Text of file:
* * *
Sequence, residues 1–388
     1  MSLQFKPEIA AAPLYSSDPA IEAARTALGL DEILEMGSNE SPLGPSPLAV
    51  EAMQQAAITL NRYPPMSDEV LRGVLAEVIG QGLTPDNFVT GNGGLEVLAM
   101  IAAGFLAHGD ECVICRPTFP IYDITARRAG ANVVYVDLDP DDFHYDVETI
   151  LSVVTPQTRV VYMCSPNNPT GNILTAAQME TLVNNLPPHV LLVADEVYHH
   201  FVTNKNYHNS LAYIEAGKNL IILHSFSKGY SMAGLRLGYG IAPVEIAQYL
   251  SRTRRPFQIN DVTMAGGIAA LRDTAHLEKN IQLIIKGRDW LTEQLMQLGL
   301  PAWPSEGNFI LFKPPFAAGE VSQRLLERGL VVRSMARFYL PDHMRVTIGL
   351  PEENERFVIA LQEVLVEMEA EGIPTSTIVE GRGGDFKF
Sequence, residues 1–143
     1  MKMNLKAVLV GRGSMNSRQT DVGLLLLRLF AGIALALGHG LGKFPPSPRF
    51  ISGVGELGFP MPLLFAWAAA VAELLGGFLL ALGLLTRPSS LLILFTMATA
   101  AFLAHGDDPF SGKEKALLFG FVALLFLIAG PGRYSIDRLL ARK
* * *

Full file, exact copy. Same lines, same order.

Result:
Sequence, residues 1–388
     1  MSLQFKPEIA AAPLYSSDPA IEAARTALGL DEILEMGSNE SPLGPSPLAV
    51  EAMQQAAITL NRYPPMSDEV LRGVLAEVIG QGLTPDNFVT GNGGLEVLAM
   101  IAAGFLAHGD ECVICRPTFP IYDITARRAG ANVVYVDLDP DDFHYDVETI
   151  LSVVTPQTRV VYMCSPNNPT GNILTAAQME TLVNNLPPHV LLVADEVYHH
   201  FVTNKNYHNS LAYIEAGKNL IILHSFSKGY SMAGLRLGYG IAPVEIAQYL
   251  SRTRRPFQIN DVTMAGGIAA LRDTAHLEKN IQLIIKGRDW LTEQLMQLGL
   301  PAWPSEGNFI LFKPPFAAGE VSQRLLERGL VVRSMARFYL PDHMRVTIGL
   351  PEENERFVIA LQEVLVEMEA EGIPTSTIVE GRGGDFKF
Sequence, residues 1–143
     1  MKMNLKAVLV GRGSMNSRQT DVGLLLLRLF AGIALALGHG LGKFPPSPRF
    51  ISGVGELGFP MPLLFAWAAA VAELLGGFLL ALGLLTRPSS LLILFTMATA
   101  AFLAHGDDPF SGKEKALLFG FVALLFLIAG PGRYSIDRLL ARK